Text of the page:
His ‘Aaranya Kaandam” has just won the Grand Jury Prize at the South Asian International Film Festival. And he's had a complete makeover to take on more exciting roles. Sudhish Kamath talks to actor-producer S.P. Charan
When I bumped into Charan in New York, I could barely recognise him in his slim and trim avatar. His new film “Aaranya Kaandam” had won the Grand Jury Prize at the South Asian International Film Festival and as we partied late into the night, he got a tinge emotional and said: “I had never won anything all my life.”
At that minute, you knew how badly he needed that win and how much he deserved it for introducing to us two, nay, three filmmakers of exceptional talent in Samudhirakanni (“Unnai Saran Adainthen”), Venkat Prabhu (“Chennai-600028”) and now, Kumararaja Thiagarajan with “Aaranya Kaandam”, which marks Tamil cinema's first foray into the neo-noir genre (all set to release next month).
I make a mental note to dig deeper when we return to Chennai and Charan keeps his appointment, but only after making sure he does not miss his session at the gym. What led to this complete makeover?
“Lack of breath. I was in a really bad shape. Overweight, I wasn't fitting into my clothes, my self-esteem was too low and my dad kept telling me: You are putting on too much weight, you are going to end up like me. So I thought I need to do something about it. In May, I went on a crash diet and lost tons of weight. Now, I am trying to put on some good weight. All the fat is gone now.”
And to think he was cast in “Saroja” and “Va. Quarter Cutting” as the quintessential fat guy.
“Yes, I was always the cute, chubby fat guy. I am trying to get away from the cuteness,” he laughs.
“That was a decision I had to make. A lot of people who saw me after I lost weight said that I had lost my USP. Because, there are not a lot of fat kids who can act. One, I am not a kid. Two, I didn't like the whole concept of you having to be fat to get a role. So after losing weight, I can probably expand my canvas and experiment with characters as an actor.”
We know he can sing, act and he's also producing offbeat movies. But what really turns him on? “My primary passion is making films. It used to be singing but I don't get to do much of it. So making movies is what I am most passionate about but I think I am good at acting as well, so I won't shy away from any opportunity that I may get.”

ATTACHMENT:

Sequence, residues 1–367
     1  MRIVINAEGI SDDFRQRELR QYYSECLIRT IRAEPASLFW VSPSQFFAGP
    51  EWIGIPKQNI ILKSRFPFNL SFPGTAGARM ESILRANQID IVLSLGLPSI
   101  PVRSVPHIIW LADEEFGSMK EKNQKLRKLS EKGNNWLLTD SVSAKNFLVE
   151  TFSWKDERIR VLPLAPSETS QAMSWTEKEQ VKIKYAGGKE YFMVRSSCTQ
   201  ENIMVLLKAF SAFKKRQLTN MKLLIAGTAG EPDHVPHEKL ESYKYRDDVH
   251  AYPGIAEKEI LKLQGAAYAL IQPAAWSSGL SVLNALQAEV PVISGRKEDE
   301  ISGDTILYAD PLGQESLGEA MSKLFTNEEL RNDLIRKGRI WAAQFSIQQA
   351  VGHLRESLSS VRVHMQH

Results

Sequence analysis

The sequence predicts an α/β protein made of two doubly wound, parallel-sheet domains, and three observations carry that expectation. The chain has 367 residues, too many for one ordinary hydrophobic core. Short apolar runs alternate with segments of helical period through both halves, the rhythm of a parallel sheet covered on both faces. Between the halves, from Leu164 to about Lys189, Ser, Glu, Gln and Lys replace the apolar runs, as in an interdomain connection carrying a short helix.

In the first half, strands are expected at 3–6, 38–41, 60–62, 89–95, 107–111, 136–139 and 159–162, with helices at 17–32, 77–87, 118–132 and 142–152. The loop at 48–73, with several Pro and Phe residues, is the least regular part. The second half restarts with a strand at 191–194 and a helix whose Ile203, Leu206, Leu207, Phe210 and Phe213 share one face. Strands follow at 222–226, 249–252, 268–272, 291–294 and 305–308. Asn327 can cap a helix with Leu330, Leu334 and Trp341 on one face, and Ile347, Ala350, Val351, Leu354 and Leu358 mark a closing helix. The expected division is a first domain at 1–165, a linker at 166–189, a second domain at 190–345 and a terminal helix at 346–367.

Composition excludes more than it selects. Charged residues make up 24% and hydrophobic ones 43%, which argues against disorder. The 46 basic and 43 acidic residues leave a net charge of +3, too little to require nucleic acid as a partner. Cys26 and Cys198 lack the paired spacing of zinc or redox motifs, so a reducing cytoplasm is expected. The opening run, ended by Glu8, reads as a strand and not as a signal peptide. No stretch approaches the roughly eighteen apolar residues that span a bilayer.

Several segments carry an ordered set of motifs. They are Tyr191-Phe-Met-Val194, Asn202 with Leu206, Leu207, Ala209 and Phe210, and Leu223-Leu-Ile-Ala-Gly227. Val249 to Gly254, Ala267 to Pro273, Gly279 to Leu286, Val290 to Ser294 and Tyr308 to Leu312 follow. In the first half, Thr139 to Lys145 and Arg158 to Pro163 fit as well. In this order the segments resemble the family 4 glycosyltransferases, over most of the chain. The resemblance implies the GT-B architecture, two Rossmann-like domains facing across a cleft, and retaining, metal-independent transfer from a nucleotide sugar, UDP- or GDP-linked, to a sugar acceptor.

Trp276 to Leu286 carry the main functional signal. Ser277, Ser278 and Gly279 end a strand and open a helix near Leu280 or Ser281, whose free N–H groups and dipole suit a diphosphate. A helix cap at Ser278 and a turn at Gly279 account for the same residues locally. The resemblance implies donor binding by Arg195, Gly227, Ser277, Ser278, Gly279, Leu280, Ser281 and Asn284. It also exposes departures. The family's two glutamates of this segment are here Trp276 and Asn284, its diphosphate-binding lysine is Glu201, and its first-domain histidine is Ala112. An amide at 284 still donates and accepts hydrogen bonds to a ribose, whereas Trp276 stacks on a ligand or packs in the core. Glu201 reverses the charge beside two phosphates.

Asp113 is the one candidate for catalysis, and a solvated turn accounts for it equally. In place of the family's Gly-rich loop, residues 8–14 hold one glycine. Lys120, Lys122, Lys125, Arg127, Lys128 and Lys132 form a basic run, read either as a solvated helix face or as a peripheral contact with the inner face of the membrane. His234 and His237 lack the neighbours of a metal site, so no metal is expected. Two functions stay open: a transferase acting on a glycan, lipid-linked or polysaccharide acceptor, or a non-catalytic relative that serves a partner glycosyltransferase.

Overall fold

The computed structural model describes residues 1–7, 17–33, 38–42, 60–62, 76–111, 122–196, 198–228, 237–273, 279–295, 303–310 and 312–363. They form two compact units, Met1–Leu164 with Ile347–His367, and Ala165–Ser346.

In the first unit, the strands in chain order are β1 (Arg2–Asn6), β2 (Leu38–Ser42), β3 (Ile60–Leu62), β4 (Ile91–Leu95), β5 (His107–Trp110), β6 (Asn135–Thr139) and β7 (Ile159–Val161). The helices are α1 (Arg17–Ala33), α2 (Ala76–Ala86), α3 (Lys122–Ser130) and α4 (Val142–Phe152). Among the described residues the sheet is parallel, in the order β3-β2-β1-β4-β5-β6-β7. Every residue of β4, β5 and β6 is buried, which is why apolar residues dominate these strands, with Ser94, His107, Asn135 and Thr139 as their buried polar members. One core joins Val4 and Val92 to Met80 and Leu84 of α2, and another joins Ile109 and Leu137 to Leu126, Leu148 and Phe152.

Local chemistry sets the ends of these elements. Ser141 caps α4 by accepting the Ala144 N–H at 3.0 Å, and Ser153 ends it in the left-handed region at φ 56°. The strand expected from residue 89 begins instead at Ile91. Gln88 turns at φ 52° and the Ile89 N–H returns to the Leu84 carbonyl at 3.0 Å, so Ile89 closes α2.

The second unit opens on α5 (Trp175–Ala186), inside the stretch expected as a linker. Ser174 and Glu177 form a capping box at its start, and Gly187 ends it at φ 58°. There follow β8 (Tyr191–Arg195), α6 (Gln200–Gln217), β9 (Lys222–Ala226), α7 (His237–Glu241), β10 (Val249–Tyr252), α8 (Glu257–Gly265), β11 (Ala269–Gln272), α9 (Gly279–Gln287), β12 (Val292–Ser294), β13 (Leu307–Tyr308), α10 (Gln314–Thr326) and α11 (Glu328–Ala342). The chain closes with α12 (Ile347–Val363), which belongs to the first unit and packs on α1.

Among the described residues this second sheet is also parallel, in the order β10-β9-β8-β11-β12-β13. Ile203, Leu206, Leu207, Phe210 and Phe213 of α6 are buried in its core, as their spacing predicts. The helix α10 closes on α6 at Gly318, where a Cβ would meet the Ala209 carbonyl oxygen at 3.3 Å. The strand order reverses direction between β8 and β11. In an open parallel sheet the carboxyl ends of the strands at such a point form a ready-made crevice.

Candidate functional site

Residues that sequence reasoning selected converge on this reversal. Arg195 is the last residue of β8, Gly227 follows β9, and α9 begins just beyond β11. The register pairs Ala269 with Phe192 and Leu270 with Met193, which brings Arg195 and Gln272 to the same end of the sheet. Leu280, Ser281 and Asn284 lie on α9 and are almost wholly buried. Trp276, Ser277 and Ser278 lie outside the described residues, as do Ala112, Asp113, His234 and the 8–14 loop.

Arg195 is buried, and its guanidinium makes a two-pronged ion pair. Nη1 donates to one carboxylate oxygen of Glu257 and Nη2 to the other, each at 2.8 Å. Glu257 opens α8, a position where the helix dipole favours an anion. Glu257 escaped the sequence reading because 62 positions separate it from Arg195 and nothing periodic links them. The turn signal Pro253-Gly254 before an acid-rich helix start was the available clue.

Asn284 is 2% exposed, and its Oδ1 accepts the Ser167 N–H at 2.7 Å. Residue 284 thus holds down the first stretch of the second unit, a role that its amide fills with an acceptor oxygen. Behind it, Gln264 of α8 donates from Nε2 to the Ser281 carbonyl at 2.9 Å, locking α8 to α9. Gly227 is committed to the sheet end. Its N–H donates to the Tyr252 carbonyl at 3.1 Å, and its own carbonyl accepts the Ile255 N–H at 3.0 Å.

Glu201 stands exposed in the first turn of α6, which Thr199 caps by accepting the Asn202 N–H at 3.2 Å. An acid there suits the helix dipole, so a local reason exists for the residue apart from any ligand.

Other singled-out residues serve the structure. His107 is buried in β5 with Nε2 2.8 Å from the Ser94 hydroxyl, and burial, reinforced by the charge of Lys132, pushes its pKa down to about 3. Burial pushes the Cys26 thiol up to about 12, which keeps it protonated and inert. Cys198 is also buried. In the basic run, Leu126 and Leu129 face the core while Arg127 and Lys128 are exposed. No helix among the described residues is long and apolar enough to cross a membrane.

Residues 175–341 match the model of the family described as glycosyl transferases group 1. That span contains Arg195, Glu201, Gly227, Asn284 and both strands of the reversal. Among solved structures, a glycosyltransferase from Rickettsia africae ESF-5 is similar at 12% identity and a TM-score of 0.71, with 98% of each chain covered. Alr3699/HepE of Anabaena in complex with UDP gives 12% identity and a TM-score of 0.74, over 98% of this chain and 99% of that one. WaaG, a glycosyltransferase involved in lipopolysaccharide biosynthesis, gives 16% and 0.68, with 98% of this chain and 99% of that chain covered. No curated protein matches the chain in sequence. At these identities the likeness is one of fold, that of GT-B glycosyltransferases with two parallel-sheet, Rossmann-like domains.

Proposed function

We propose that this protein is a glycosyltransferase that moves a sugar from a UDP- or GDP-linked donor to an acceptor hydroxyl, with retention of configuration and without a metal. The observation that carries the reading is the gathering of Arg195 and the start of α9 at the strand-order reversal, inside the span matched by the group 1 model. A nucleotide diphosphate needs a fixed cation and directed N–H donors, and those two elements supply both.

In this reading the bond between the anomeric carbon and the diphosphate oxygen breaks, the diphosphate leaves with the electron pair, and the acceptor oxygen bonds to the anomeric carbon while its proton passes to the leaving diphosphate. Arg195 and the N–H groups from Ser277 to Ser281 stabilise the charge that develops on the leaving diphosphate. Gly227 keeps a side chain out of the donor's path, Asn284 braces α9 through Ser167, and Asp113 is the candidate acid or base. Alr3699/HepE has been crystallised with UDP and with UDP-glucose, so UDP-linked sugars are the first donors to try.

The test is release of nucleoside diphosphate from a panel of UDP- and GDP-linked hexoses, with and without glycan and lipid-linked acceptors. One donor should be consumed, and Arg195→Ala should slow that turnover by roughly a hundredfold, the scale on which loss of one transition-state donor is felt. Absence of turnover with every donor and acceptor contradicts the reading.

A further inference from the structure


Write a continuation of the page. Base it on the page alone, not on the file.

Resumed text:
Strangely though, he never seems to act in his own films. “I have never been a self-promoting guy. I have never been promoted by my dad either. Whatever I am right now, is because I have worked hard, be it as a singer or an actor or as a producer. I've had a few offers come my way to be the lead in the movie but then, I'll have to produce that movie. I realised this was a gimmick by assistant directors to find a producer and a hero in the same project. They think I'll fall for, you know, Neenga thaan saar hero. The next question I ask before they do is: Yaaru producer? Sorry, I don't act in my productions unless it's a character role. Like I did in ‘Unnai Saran Adainthen'.”
Doing it his way
Why did he decide on a career where chances of you losing money are often more than making a little?
“As a normal movie goer, I hate some of the trash that is coming out. From those days to now, I don't think we have evolved as an industry, we haven't grown. Maybe technically, yes, but script-wise, we haven't grown. There are a lot of people to blame — the producers, the directors, the stars...all of them. The entire system is messed up. Nobody wants to move away and try to experiment. There are a handful of actors willing to do this. That is not enough to rehabilitate the industry. I didn't want to be a small fish in a big pond and not be identified. I want to give quality content. To give varied content. Not just commercial cinema. It's very easy to throw some money at some star and say: You're going to be the hero in my next movie. Unless I have good content for these guys, I don't want to work with them. I think Suriya is the only one who is experimenting with himself, his acting and trying to do a variety of cinema.”
Thank God for that, we have some fine filmmakers stepping out of his productions. How much support does he get from his dad, especially, when it involves big money?
“First was ‘Unnai Saran Adainthen'. My dad was convinced about the script and it was a small budget film but we never made money from it. The second movie was ‘Mazhai'. That didn't work either. That's when dad said: Enough. No more spending money. But then, I heard Chennai-28 from Venkat Prabhu and knew I had to do this movie. I didn't tell dad I wanted to do another movie. I just said, you know what I want you to listen to the script. I sat Venkat Prabhu next to dad and he was blown away by it. Dad was like, okay, so what's the budget. We were third-time lucky. After that, dad was convinced that I knew what I was doing.”